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  • Altered Consciousness: More Involvement in Syria Necessary

    By Rick Alterbaum
    March 23, 2012
    Section: Impressions


    Day by day we hear news reports of the Syrian government slaughtering its own people. The question is: Should the United States do something about it?

    We have already implemented strict, comprehensive sanctions on the regime there. President Obama has also stated as a matter of policy that dictator Bashar al-Assad must leave. Yet there are steps that the United States should take beyond these measures.

    It could transfer arms and material support to the Free Syrian Army, providing it with additional means to communicate. In cooperation with Turkey, it can create no-fly zones, as was done in Iraq with the Kurds, to provide refugees and anti-government rebels a safe haven and place to plan and organize their operations. Another key step is to convince the Alawites, Christians and other minorities, in addition to Sunni urban elites, not to support Assad. By this we can ensure that their safety and interests are maintained in the event that the regime falls.

    I would stop short of a full military intervention on par with the Libyan operation. Our hands are already full in the region, not to mention the various logistical dilemmas associated with such an undertaking: the strength of Assad’s army; the lack of international consensus on the issue especially regarding Russia and China; as well as the potential backlash and unintended consequences that such an invasion could precipitate. Still, President Obama should make his policy of regime more credible.

    The question that lingers is what would happen if the current regime crumbles. Scenarios have been conjured up in which, considering the country’s artificial nature and lack of national unity, Syria could split into several sections based on sectarian and ethnic differences. Others worry about Islamist infiltration into the rebel forces. Another concern is civil war between Alawis and pro-government factions versus anti-government groups.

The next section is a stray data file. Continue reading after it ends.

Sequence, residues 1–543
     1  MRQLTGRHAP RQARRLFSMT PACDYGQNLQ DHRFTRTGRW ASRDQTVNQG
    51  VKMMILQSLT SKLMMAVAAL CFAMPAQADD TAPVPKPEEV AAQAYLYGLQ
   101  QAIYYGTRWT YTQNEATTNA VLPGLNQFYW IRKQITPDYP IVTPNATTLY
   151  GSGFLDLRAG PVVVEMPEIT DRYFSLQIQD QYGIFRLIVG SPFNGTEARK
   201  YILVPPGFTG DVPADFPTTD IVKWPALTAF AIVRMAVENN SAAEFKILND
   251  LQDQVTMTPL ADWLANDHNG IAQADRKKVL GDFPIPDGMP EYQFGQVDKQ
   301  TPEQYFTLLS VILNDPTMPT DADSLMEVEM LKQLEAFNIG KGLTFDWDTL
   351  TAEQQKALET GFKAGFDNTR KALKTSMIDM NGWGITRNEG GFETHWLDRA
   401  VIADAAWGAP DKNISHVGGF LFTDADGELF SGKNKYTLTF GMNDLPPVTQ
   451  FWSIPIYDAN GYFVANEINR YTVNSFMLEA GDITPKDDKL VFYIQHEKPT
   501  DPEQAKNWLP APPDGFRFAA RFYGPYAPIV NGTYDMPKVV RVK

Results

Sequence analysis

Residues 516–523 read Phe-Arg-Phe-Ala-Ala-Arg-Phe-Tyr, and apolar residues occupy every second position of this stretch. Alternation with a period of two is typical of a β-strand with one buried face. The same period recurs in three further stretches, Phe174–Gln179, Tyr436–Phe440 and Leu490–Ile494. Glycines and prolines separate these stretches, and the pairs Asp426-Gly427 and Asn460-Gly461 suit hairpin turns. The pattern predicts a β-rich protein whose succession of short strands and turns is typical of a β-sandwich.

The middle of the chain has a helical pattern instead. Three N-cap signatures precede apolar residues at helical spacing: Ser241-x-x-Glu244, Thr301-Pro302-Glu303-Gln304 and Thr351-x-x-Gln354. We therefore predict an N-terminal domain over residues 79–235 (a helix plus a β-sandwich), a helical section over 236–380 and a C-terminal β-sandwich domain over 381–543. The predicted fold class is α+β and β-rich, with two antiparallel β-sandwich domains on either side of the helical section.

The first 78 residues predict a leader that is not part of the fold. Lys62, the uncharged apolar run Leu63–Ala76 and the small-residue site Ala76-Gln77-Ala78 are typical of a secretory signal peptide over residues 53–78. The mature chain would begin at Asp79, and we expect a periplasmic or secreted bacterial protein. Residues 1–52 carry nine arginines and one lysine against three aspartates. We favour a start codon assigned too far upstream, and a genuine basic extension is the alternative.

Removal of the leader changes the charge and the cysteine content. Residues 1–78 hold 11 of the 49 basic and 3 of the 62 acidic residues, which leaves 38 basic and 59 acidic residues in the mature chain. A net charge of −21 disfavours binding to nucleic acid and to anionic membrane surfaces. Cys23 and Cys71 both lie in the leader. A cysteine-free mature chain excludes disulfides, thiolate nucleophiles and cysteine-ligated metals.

All of these considerations are valid. Still, the current situation is untenable.

    The fact is that Assad is already greatly destabilizing the region. Just by remaining in power, he is inflaming the Sunni-Shiite divide and causing a refugee crisis, along with the massacre of thousands of Syrian citizens. Furthermore, although Islamism is a concern, as a movement it is relatively weak compared to movements in countries such as Egypt, considering that the Syrian Muslim Brotherhood was crushed by Hafez al-Assad, Bashar’s father, at Hama in 1982.

    Furthermore, the current Syrian government opposes U.S. interests in the region for several reasons. It is Iran’s chief Arab ally and its gateway to the Mediterranean Sea. It is a key sponsor and transfers arms to Hezbollah, a group that killed hundreds of U.S. marines in 1983. Syria assisted foreign fighters who were fighting U.S. troops in Iraq. It oppressed the Lebanese people through its decades-long military occupation of the country. It refuses to cooperate on the peace process in a reasonable manner with Israel, to which it remains an adamant foe.

    I am very skeptical about prospects of liberal democracy or even normalcy in the Middle East. I also understand the “there is no alternative” or “very good alternative” to the status quo argument. Still, the Syrian case is not very difficult: Assad is a brutal tyrant who is no friend of the United States and is diametrically opposed to its interests and its values. President Obama should do everything in his power short of full-scale military action to see that justice is done to this murderer.

     


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